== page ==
Tragically, however, none of the previous three ICA ’s ( 1994, 2001, 2007) contained any provisions to address this crucial issue…!
As you said yourself:
Although current prices are now more in line with historical levels and the remuneration of coffee-growers has become more compatible with their costs, these gains have been significantly eroded by factors exogenous to the coffee market. The ascent of oil prices to record levels has had a direct impact on the costs of farmers’ inputs. In addition, the continued weakness of the US dollar, which is used as a reference in the international coffee trade, has meant that prices of coffee in many local currencies did not fully reflect the improvement noted above. The weakness of the US dollar continues to affect the real income of coffee producers. (ICO 2006/07 annual report)
In view of the above observations, the following additional questions arise:
4) How does the ICO explain the fact that none of the past ICAs ( 1994, 2001 ) as well as the current 2007 ICA do not contain any provisions to address the above briefly-outlined crucial economic issues ( i.e market imbalance, structural over-supply, excess stocks, speculative trading, currency exchange rates fluctuations, oil prices, etc.) which have a direct and significant impact on coffee prices and on the cost, revenue and profitability of coffee producers?
5) How does the ICO expect to “promote a sustainable coffee economy for the benefit of all stakeholders and particularly of small-scale farmers in coffee producing countries, particularly with respect to poverty eradication,” without even addressing – let alone resolving - the above outlined crucial economic issues within the coffee sector?
I thank you for shedding some light into these interrogations and I look forward to hearing back from you in the near future.
Dar es salaam, Tanzania
Dear Mr. Tajdin,
Many thanks for your interest in the activities of
With regard to your request for specific examples of
polices and mechanisms put in place by the ICO, it
is important to note that the International Coffee
Agreement of 2007, in common with all international
commodity agreements currently in force, does not
provide for the types of market regulatory
instruments (such as export quotas) that existed in
the past. Instead, the ICO works by bringing
together producing and consuming countries to tackle
the challenges facing the world coffee sector
through international cooperation. It makes a
practical contribution to the world coffee economy
and to the improvement of standards of living in
developing countries by:
* enabling government representatives to
exchange views and coordinate coffee policies and
priorities at regular high-level meetings;
* improving coffee quality through the Coffee
Quality-Improvement Programme and specific projects;
* increasing world coffee consumption through
innovative market development activities;
* initiating coffee development projects to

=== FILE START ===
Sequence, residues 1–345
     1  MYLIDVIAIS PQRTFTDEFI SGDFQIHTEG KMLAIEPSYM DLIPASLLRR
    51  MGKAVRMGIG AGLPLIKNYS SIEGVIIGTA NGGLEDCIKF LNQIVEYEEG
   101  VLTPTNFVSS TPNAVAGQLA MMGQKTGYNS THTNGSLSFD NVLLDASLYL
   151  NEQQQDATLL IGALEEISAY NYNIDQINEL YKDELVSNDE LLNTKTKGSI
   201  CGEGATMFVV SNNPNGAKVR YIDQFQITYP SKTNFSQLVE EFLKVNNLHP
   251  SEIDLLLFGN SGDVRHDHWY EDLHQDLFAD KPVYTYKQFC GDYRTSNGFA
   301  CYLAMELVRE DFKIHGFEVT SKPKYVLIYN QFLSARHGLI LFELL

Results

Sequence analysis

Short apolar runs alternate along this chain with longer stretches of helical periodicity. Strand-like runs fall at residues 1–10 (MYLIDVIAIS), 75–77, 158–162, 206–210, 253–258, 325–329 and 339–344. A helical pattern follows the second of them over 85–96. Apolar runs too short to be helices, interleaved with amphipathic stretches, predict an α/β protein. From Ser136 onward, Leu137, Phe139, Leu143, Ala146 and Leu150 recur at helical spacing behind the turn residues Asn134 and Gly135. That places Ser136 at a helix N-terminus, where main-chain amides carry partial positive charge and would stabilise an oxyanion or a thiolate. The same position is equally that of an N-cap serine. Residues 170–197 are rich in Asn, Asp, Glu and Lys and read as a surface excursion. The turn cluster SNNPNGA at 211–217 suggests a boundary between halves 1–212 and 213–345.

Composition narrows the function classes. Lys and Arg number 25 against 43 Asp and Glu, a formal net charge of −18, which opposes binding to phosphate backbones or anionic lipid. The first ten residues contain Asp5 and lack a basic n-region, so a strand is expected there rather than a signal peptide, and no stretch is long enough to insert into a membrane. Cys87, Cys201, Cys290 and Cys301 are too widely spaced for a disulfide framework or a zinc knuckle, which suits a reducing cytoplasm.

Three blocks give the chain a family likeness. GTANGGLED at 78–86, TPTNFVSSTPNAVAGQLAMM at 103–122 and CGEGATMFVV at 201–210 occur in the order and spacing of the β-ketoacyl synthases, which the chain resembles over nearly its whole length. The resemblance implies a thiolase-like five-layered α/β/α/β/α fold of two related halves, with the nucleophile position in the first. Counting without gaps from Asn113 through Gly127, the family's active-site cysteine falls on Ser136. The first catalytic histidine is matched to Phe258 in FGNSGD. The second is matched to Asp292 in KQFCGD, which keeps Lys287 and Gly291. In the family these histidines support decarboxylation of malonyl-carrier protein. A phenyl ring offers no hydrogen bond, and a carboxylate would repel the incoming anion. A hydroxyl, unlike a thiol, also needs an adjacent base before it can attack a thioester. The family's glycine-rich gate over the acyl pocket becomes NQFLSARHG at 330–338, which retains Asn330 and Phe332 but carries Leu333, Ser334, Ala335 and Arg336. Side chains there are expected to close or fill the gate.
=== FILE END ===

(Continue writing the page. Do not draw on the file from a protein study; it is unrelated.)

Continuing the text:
improve quality and marketing
* encouraging a sustainable world coffee
* working closely with the private sector
through a 16 strong Private Sector Consultative
Board which tackles issues such as food safety;
* providing objective and comprehensive
information on the world coffee market; and
* ensuring transparency in the coffee market
Details of specific actions taken to address these
issues may be found in our Annual Review and in
various sections of our website (www.ico.org)
With kind regards,
José Dauster Sette
Head of Operations
International Coffee Organization
22 Berners Street
London W1T 3DD
Tel: +44 (0) 20 7612 0602
Fax: +44 (0) 20 7612 0630
Thu, 12 Jun 2008 12:07:25 -0700 (PDT)
From: "Yajna Centre"
Subject: RE: coffee crisis...
To: "Hamida Ebrahim"
CC: email@example.com, firstname.lastname@example.org
Thank you for your email; unfortunately, but not
surprisingly, you have brilliantly failed to provide
answers to the specific questions raised in my email
of inquiry dated 01 June 2008, addressed to Mr. Nestor
Nevertheless, beyond the deceitful "poverty
eradication" rhetoric quoted and preached in the ICO
literarure, both historical evidence and statistical
data published by the ICO on the coffee sector clearly
reveals a different picture altogether...
In fact, I believe that it is fair to say - based on
historical evidence and statistical data of the coffee
sector - that the ICO and its members have in fact
done nothing over the course of the last 17 years -
since the collapse of the supply-management mechanism
in 1989 - to achieve market equilibrium between demand
and supply and to secure stable and remunerative
coffee prices for millions of coffee farmers around
I beg you to differ with this claim with historical
facts and figures and not with deceitful rhetoric
because you are failing to make your case and
insulting my intelligence in the process.
As a direct result, over this period, millions of
coffee farmers around the world have been thrown
deeper into mass poverty and untold misery, which
unfortunately your statistics do not reveal...; does
the ICO and its members have any statistical data that
reveal the untold numbers of destroyed lives, human
poverty, misery, suffering, hunger and death that
occur as a direct result of extremely unstable,
volatile and constantly declining unremunerative
prices of coffee on the world market...?
And cynically, while millions of coffee farmers are
literally dying as a direct result of policies
developed, pursued and implemented by the ICO, coffee
multinationals, traders and retailers are generating
millions in profits from coffee sales worldwide...!
Is that the "sustainable coffee economy the ICO is
encouraging" and aiming to achieve...?
Please note that I shall look into every possible
legal means available to put an end to this endless
and ongoing mass economic genocide and to bring all
those who are actively involved in this "crime against
humanity" to justice.
Dar es Salaam, Tanzania